Wednesday, May 20, 2009

Preference or Kingdom

It is so easy to see that sometimes the church is not focused on the true Kingdom of God. That may not seem quite right at first glimpse, but look deeper into the words of the apostle Paul in Romans 14 and see if you can wrap your brain around this concept.

“For the kingdom of God is not a matter of eating and drinking, but of righteousness, peace and joy in the Holy Spirit.” Romans 14:17

How many times do we as a church place eating and drinking at the center of the issue? Okay, we never talk about eating because we don’t view gluttony as a sin. And some denominations still wrestle with whether or not to drink alcohol, which even members of the same church can’t agree on. But in my view, Paul is talking about something much deeper. Yes to the first century Christians he was writing to eating and drinking were the issues, but what has replaced those in the church today?

In 21st century American Christianity the issues may not be food and wine, but types of music. Maybe it is political party affiliation. Maybe it is how to spend money in the church. Maybe it is style of leadership. These issues have become the issues that divide the church and keep us from having the life of power in the Spirit of God that he has designed for us.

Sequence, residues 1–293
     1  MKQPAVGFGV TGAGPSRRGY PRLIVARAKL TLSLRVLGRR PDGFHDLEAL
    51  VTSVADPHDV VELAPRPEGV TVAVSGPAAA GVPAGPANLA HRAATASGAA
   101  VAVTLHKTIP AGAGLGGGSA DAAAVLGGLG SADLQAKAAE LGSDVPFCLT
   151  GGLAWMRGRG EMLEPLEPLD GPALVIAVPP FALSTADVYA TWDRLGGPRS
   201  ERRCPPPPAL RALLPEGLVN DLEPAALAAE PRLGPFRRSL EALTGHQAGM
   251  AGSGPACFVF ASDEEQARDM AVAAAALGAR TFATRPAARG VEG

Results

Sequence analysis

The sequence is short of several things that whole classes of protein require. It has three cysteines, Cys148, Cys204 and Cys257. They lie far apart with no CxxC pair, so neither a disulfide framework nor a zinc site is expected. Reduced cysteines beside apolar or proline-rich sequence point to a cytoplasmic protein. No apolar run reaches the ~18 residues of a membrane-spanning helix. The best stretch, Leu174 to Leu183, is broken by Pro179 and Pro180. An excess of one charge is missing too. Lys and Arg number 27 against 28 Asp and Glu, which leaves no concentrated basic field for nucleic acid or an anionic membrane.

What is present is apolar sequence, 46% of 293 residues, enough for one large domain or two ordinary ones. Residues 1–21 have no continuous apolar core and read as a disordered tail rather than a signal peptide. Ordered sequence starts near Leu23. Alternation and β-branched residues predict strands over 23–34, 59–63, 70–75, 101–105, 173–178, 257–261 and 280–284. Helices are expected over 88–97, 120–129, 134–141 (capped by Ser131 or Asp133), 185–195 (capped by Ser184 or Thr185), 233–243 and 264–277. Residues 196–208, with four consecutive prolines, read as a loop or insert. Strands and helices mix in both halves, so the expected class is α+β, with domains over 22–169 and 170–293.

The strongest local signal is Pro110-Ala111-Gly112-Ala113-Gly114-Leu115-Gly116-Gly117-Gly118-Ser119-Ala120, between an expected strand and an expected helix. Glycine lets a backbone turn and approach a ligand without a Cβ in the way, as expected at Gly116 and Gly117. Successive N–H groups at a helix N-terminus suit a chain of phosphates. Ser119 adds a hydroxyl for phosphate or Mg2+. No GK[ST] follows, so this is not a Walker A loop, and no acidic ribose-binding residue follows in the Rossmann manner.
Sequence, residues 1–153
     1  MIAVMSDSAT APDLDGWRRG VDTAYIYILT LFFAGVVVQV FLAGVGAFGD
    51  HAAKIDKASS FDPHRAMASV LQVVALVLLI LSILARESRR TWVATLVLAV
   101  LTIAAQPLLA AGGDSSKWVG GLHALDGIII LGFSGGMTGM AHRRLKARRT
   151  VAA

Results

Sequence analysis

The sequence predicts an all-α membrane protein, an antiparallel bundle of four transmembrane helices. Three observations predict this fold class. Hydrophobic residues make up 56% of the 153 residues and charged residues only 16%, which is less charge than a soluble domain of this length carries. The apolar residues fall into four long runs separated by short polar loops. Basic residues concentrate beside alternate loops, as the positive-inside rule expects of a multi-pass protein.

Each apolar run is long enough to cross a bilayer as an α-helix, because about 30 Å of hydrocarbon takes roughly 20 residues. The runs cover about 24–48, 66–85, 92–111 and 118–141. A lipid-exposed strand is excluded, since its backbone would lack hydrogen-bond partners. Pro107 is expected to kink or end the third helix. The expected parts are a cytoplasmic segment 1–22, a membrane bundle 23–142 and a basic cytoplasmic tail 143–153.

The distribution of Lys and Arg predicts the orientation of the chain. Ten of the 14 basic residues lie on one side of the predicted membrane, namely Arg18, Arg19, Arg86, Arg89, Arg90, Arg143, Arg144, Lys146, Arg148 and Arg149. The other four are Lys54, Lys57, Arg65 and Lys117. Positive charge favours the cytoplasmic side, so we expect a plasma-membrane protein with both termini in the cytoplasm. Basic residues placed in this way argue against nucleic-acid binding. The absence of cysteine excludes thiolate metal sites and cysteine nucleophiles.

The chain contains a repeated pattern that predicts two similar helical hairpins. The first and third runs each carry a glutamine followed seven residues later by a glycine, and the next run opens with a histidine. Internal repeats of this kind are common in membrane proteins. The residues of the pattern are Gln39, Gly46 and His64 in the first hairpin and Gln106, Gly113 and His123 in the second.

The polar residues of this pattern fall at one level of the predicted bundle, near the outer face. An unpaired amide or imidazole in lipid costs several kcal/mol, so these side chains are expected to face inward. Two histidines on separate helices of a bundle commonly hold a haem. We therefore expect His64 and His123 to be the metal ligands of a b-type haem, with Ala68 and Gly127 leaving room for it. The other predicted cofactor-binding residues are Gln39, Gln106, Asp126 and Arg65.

If we look at the passage, what we really see is that Paul is calling us to put aside our own personal preferences or desires and to focus on the major aspects of community that the church should be about. We are to lay aside our preferences for the good of others. We are to set aside our agenda for the agenda of God.

What Paul calls us to follow is a life of living rightly in God’s eyes; seek peace through giving preference to others over ourselves and to seeking out joy over complaining. The result of this type of life is a unified community seeking the honor and glory of God and not the agenda and prideful desires of man. If we were really honest we would say that our lives are not always seeking these areas because they require sacrifice. They require self-discipline. They require not getting our way.

What would the church look like today if we truly sought righteousness, peace and joy?

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